I have heard a lot of people loved to use Flask for writing RESTful API, and I actually had done this once as a practice exercise. I could definitely see why people love Flask for this very purpose — it’s so easy to just jsonify the data using Flask. Once you have jsonify the data, you can totally choose how you would like to return these data when a request is made to the app using Flask. Nonetheless, recently I have been using Flask to just create small websites — not RESTful API — and this is fresher in my mind than doing RESTful API.

To sum it up, I just scratch the surface of what Flask can do in this blog post. Based on my own experience, I’ve found Flask is easier to work with than Django. Deploying the Flask web app felt easier than Django too. For example, once I’d finished writing a Flask web app, all I had to do was initialize a GitHub repository, commit, and push the web app to GitHub. Afterward, I could use Heroku or PythonAnywhere to host my Flask web app either through the free tier or paid tier. Setting up Flask with Heroku or PythonAnywhere isn’t that hard. The key is to do a double-check of the requirements.txt to make sure all required packages that Flask needs to run your web app are listed in this file. Heroku and PythonAnywhere rely on this file to install necessary third-party Python packages. Once you set up the necessary steps for Heroku or PythonAnywhere, the last thing you only have to do is to pull your app’s source from GitHub onto Heroku or PythonAnywhere. On Heroku’s CLI, you can just do [git push heroku main], and on PythonAnywhere Bash console you can just do [git pull].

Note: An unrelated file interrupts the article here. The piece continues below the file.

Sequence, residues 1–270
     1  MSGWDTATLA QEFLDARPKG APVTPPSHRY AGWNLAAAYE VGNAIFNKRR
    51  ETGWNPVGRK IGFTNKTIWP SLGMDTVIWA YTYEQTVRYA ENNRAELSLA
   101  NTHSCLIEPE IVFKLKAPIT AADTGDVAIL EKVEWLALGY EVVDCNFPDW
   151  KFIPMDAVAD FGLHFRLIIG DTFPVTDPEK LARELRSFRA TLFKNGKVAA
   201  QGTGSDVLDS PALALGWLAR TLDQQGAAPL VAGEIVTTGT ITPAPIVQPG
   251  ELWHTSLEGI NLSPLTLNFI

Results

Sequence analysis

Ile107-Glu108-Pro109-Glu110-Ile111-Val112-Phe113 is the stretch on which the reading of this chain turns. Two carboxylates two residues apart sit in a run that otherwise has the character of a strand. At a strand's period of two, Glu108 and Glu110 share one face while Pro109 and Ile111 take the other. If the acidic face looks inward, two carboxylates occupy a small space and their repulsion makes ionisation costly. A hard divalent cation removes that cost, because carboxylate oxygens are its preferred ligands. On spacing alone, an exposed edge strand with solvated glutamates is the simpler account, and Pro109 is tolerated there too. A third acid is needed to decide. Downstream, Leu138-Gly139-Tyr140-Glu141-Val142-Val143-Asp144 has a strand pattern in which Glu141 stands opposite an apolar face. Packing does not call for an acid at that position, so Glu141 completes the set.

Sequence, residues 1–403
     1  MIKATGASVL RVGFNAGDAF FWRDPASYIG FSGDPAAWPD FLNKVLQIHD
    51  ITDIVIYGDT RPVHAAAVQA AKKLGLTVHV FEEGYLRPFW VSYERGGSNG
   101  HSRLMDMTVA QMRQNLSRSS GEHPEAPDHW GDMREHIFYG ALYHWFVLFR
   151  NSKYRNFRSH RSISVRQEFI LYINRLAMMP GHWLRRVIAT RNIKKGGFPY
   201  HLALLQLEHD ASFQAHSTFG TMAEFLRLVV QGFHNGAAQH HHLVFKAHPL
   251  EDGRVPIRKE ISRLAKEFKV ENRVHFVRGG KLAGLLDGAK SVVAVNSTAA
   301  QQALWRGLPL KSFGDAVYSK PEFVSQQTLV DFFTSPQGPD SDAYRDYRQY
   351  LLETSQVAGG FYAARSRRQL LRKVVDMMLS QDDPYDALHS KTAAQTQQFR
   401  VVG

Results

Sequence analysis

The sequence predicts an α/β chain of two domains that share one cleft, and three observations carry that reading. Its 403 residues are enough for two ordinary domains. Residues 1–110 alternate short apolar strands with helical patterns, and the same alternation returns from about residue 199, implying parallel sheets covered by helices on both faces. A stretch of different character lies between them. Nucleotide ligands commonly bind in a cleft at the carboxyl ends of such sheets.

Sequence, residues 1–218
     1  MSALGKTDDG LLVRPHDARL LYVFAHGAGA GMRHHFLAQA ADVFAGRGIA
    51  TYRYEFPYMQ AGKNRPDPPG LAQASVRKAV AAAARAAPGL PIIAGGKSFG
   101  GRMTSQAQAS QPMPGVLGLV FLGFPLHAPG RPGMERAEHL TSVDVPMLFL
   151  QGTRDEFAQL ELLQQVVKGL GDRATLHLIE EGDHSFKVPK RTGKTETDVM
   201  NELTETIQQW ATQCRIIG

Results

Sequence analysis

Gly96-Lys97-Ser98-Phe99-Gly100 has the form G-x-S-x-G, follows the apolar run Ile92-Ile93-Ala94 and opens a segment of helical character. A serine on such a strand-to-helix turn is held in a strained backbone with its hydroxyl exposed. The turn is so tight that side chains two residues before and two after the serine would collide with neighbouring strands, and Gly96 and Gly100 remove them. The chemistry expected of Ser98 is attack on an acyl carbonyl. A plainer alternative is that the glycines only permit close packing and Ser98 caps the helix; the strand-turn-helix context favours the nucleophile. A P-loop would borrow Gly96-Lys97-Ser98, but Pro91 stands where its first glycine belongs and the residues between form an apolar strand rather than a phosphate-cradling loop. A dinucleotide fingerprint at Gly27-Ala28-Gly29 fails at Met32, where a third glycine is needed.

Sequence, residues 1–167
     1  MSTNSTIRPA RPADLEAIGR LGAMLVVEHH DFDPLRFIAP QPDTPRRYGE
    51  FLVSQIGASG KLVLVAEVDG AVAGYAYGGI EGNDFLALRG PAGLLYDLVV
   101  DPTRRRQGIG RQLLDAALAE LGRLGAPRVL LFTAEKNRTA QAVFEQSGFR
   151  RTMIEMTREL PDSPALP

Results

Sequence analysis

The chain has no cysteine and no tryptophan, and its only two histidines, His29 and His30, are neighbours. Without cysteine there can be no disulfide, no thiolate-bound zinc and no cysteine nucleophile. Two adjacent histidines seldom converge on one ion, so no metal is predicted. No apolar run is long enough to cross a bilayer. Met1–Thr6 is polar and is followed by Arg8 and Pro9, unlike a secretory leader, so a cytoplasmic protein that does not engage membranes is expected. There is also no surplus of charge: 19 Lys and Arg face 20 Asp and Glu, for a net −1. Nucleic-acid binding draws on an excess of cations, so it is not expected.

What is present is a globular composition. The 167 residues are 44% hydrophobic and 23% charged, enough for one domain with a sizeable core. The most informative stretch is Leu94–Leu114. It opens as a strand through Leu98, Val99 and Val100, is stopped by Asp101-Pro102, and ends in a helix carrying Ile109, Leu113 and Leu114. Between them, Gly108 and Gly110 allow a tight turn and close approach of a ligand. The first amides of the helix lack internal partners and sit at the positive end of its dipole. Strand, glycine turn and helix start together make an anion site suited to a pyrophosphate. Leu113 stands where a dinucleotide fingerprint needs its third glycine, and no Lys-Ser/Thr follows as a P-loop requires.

Anywho, I just completed coding a Portfolio website using Flask. The main feature of this website is to allow a user to add various project showcases so he or she can show off the projects. The website relies on Bootstrap 5 and custom CSS I’d written — this means the whole website is responsive to various screen sizes, including mobile phones. In desktop mode, the website showcase two projects one at a time through the pagination feature — allowing visitors to flip to more projects by clicking next or back to previous projects. In mobile mode, I used lazy load to load the first few showcase projects’ images — then the rest would be loaded on-demand as the website visitors could forever scroll downward till all projects had been loaded. Check out the finished product on https://pythongenex.pythonanywhere.com/.

How To Make Flask’s Flash Message Appears Only Once After User Is Logged-In!